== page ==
I thought I knew what it meant to be tired until I had a baby. Now that my baby boy is nearly 15 months old and entering the toddler phase, I find myself smirking with minor annoyance when I hear people who don’t have kids share their tales of exhaustion and balancing life responsibilities.
I know it is possible to be exhausted and have work/life balance issues without kids. But it is SO much harder when that same level of stress gets catapulted into the kind of perpetual exhaustion assigned exclusively to parenthood.
Most days, my husband and I wonder how we do it. We see other parents with their seemingly perfect families and feel like we fall short in our attempt to keep it together on a daily basis.
Hear is what I have learned after year one of our son’s life: having it all is a hilarious concept with no other goal than to make parents feel inferior in their attempt to create a perfect life for their children.
There will always be difficult choices to make and none of them will make you feel like you 100 percent did the right thing – but you are doing your best and that is all that matters.
The social pressure to balance everything is seemingly insurmountable. Career moms and dads are faced with impossible decisions about professional advancement, family time, and the uphill financial battle largely stemming from the unpaid parental leave epidemic in the United States.
Even with so many odds stacked against working parents, there is a silver lining. You get to choose your perspective.
– your level of success
– how you view situations and people
– how much energy you spend on toxic people and situations
– healthy boundaries
– how often you stop and enjoy the moment
– your happiness
– what is best for your child
– the time you set aside to be fully present with your child
I have heard it said that you can have it all, just not all at once – but in my experience, it’s a matter of perspective, not circumstance. I don’t believe I have it all by cultural standards in this country (I live in the United States), however I am happy and my heart is full as a result of doing my best to avoid comparison with families who appear to have an effortless sitcom-worthy existence.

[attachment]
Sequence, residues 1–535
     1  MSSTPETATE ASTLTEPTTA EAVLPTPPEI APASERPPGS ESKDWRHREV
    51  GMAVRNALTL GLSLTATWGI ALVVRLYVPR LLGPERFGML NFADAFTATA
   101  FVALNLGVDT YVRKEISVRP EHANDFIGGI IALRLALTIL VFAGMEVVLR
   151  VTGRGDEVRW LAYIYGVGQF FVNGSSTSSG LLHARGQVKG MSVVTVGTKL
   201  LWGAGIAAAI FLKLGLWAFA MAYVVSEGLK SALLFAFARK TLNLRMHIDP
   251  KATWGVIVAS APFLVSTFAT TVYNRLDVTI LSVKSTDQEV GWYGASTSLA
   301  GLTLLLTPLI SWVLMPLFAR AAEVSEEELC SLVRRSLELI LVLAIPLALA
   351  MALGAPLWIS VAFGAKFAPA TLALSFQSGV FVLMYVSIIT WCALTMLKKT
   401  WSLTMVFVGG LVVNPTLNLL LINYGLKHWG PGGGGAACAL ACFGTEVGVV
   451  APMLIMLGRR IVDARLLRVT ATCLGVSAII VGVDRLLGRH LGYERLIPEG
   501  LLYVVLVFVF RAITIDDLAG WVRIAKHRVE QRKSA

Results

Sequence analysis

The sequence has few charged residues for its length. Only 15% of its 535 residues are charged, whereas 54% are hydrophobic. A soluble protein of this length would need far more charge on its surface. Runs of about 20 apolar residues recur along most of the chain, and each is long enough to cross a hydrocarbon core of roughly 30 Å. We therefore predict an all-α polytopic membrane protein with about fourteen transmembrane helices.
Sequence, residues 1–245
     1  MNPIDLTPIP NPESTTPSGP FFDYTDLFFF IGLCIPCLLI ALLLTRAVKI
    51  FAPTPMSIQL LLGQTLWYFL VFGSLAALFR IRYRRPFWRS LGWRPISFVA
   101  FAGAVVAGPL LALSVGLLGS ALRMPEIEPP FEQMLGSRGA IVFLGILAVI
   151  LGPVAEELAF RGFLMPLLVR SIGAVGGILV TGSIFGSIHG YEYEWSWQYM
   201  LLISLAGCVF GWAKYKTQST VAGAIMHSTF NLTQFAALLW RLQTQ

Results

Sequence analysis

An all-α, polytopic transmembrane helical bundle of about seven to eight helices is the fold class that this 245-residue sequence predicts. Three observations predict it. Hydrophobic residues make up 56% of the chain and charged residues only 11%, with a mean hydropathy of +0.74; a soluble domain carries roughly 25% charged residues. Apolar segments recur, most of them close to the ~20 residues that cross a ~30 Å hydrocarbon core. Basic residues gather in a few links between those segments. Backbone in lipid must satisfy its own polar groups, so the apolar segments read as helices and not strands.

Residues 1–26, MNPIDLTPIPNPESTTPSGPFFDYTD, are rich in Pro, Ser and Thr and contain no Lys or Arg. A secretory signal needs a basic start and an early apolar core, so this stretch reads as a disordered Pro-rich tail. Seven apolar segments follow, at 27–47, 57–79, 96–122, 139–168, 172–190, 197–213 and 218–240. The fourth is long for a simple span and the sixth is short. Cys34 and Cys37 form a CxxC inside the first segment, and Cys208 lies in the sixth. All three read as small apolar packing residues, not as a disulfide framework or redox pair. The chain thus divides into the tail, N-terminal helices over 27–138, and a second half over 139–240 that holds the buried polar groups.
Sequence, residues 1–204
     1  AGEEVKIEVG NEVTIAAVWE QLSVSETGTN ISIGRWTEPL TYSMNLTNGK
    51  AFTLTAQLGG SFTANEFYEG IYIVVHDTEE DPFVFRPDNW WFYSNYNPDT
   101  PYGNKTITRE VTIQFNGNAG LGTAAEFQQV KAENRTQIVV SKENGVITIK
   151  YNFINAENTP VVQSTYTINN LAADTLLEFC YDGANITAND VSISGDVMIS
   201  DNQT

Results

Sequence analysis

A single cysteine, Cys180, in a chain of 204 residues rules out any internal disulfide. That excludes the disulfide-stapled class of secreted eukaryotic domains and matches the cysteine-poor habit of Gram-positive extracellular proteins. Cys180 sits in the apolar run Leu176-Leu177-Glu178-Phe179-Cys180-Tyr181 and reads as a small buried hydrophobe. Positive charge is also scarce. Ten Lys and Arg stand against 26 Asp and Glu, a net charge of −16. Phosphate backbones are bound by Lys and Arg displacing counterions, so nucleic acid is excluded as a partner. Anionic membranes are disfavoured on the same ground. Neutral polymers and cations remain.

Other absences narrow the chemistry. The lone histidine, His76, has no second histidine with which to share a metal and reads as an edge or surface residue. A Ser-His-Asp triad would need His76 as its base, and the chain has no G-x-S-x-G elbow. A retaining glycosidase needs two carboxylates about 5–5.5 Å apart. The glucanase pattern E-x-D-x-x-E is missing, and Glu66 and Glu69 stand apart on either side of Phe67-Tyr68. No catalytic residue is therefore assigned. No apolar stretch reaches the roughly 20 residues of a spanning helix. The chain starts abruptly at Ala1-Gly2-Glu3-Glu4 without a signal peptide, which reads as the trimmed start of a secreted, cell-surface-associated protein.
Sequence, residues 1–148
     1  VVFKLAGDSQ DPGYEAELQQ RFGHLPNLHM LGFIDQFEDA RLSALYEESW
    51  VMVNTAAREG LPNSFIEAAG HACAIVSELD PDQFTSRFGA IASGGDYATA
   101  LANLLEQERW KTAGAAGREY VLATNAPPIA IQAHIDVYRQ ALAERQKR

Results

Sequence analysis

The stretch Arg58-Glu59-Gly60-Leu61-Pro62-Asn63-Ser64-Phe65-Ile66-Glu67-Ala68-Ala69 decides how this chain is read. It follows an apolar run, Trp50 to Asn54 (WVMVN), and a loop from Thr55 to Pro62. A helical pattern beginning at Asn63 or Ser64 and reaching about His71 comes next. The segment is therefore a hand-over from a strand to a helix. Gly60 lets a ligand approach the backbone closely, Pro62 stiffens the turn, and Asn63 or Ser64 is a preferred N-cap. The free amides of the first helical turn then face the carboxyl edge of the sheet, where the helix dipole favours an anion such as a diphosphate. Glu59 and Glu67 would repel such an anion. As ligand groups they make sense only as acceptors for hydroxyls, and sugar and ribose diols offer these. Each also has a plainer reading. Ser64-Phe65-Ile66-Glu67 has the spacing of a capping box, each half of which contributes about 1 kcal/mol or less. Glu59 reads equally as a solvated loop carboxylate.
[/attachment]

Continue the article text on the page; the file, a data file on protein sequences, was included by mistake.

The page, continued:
I’ve compiled a few ways I have learned to stay sane and hope they help you, too! Here are three ways you can (and should) have it all on your terms:
Stop comparing your life to highlight reels on social media.
Ok, so maybe you don’t stop using social media entirely…..but keep it in check. Pay attention to the fact that people don’t post photos and captions of their toddler’s tantrum and the resulting meltdown. Those picture perfect posts of birthday parties, crisp outfits, and cute moments were likely documented right before Samuel got mad at his sister for taking his toy and proceeded to have a meltdown in public. Yes, really.
Make time for self care the same way you do for family time.
I love the airplane analogy for this concept. Let’s say you are on an airplane, and it is going down. Who gets the oxygen mask first, you or the family member next to you? The answer is you. If you cannot breathe, you cannot help anyone else. It took me far too long to understand this and believe me when I say you will burn out if you don’t schedule some time to relax on your calendar. Balance begins with keeping yourself healthy and happy so you can be the awesome parent and/or spouse that you are. I am a huge fan of massage, and a mani pedi is always a great choice for relaxation. Can’t go out? Take a walk. Push the stroller. Breathe and notice the sunshine and the breeze on your face. It truly helps.
Choose a perspective of gratitude.
Having it all is not elusive. Rather, it is a change in perspective. Understanding that your happiness depends on your perception puts you in control of your mood, reaction, faith, sense of accomplishment, and positive or negative self-talk.
One way I have found that helped me think more positively is acknowledging the blessings in my life. Saying them aloud in the mirror is a great tool for boosting your attitude of gratitude and so is a pep talk. When was the last time you talked to yourself the way you would talk to a friend?
Are there strategies you have used to feel centered and happy? Please share in the comments below!